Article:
Over half (58 percent) of PHA public housing units are one bedroom. Three- to six-bedroom units make up 23 percent of the units.

The waiting list for PHA public housing units as of August 31, 2018 was 11,894. (See chart of waiting list by unit size in packet about the PHA.) The waiting list had been open as of May 14, 2018.

Almost all of the PHA Section 8 voucher participants are classified as extremely low-income households, i.e., incomes at or below 30 percent of area median income. In 2017, the average voucher-holding tenant paid $359 per month for rent and utilities. The average voucher subsidy payment to the property owner was $677 per month. As of December 31, 2017, the average length of stay for participants in the voucher program was eight years, although 29 percent stayed for 10 to 20 years and eight percent for more than 20 years.

A map in the packet about the PHA shows the location of 2016 PHA Section 8 voucher holders in high-poverty areas (defined as more than 22.3 percent of people in poverty) and low-poverty areas (fewer than 22.3 percent of people in poverty). Almost two-thirds (62 percent) of the voucher holders lived in high-poverty areas in 2016.

In 2017, 62 percent of housing choice voucher participants were African American, 29 percent were white, with the other nine percent made up Asian/Pacific Islanders, American Indians or multiple races. Five percent of the voucher participants were Hispanic.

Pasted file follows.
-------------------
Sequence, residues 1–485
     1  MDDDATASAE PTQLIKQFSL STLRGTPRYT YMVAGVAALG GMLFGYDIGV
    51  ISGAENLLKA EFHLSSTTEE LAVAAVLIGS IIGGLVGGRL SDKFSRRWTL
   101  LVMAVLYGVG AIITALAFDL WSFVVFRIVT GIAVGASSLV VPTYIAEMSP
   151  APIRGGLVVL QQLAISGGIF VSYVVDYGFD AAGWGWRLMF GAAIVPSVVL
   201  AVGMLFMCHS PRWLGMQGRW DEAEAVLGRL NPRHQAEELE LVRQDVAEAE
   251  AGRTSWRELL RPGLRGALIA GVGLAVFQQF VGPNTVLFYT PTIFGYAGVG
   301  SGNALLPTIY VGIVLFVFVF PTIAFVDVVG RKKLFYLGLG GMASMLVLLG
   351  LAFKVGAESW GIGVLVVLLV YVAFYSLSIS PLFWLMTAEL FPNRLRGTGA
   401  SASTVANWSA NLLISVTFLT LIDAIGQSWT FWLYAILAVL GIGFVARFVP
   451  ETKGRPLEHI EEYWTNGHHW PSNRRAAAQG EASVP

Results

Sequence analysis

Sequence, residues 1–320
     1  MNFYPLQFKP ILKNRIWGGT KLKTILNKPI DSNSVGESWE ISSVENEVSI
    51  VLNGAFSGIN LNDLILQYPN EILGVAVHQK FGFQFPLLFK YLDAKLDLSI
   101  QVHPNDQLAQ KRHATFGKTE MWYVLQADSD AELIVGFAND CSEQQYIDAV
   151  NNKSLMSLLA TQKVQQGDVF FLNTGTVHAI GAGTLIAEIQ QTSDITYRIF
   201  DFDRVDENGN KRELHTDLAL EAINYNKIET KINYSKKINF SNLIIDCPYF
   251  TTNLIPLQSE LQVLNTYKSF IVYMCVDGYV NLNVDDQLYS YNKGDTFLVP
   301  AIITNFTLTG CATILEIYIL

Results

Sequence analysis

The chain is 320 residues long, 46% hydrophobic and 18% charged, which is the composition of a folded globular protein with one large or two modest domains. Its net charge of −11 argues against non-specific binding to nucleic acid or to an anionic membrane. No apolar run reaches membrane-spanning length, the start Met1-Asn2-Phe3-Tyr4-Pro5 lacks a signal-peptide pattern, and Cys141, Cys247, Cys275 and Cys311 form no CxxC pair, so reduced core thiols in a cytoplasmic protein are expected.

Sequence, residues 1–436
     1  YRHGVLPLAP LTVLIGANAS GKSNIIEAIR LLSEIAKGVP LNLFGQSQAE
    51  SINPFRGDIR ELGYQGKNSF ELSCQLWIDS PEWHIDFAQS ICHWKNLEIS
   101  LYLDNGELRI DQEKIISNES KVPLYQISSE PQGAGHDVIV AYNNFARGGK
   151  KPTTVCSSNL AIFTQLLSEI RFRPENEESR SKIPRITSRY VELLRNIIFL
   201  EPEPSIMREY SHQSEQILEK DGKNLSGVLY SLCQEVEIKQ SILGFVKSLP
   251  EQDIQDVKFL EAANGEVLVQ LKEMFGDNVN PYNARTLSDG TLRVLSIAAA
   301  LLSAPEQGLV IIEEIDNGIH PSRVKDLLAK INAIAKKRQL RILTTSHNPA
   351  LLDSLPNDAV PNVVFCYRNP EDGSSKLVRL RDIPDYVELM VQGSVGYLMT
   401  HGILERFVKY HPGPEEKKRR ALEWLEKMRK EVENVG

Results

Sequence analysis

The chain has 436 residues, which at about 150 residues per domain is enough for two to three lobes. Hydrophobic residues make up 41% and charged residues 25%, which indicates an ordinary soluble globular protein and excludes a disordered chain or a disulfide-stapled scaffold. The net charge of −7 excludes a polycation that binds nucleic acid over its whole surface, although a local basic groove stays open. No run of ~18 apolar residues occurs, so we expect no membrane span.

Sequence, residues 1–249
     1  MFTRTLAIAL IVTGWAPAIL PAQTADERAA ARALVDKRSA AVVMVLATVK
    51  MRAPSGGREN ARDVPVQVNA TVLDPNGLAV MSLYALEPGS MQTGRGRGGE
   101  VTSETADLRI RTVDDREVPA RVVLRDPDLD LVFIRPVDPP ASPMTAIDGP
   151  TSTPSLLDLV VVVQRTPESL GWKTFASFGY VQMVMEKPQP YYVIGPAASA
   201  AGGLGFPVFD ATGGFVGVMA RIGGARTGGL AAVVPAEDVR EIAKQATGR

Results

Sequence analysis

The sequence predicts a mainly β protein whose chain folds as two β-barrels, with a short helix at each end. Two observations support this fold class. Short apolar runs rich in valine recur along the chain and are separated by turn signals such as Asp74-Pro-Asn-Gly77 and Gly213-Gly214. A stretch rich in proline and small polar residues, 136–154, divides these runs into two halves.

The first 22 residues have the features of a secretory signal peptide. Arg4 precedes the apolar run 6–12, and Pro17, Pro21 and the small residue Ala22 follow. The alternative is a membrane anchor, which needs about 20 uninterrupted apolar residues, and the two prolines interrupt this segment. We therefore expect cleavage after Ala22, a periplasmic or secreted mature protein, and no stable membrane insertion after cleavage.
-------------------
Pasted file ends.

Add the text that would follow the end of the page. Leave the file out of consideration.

The PHA's Section 8 voucher waiting list was closed to new applications from 2007 to 2015. It was opened in September 2015 for one week and 12,000 applications were submitted online. The PHA conducted a lottery among those submissions for 3,500 spots on the list. The PHA started drawing from the list in November 2015. Depending on turnover and funding, the PHA might issue 300 to 400 vouchers per year to people on the waiting list.

For more information, see packet about the PHA.


1. Subsidized affordable housing nationally.

Out of 133 million housing units in the U.S., about 5 million units (four percent) receive federal subsidies through the Department of Housing and Urban Development (HUD). St. Paul Public Housing Agency Executive Director Jon Gutzmann said the subsidized units are aimed at households at or below 30 percent of area median income. He said Met Council data have determined that one household out of four that qualify for affordable housing actually receives that benefit. So to meet the need, 20 percent of the U.S. housing supply should be deeply affordable through subsidies.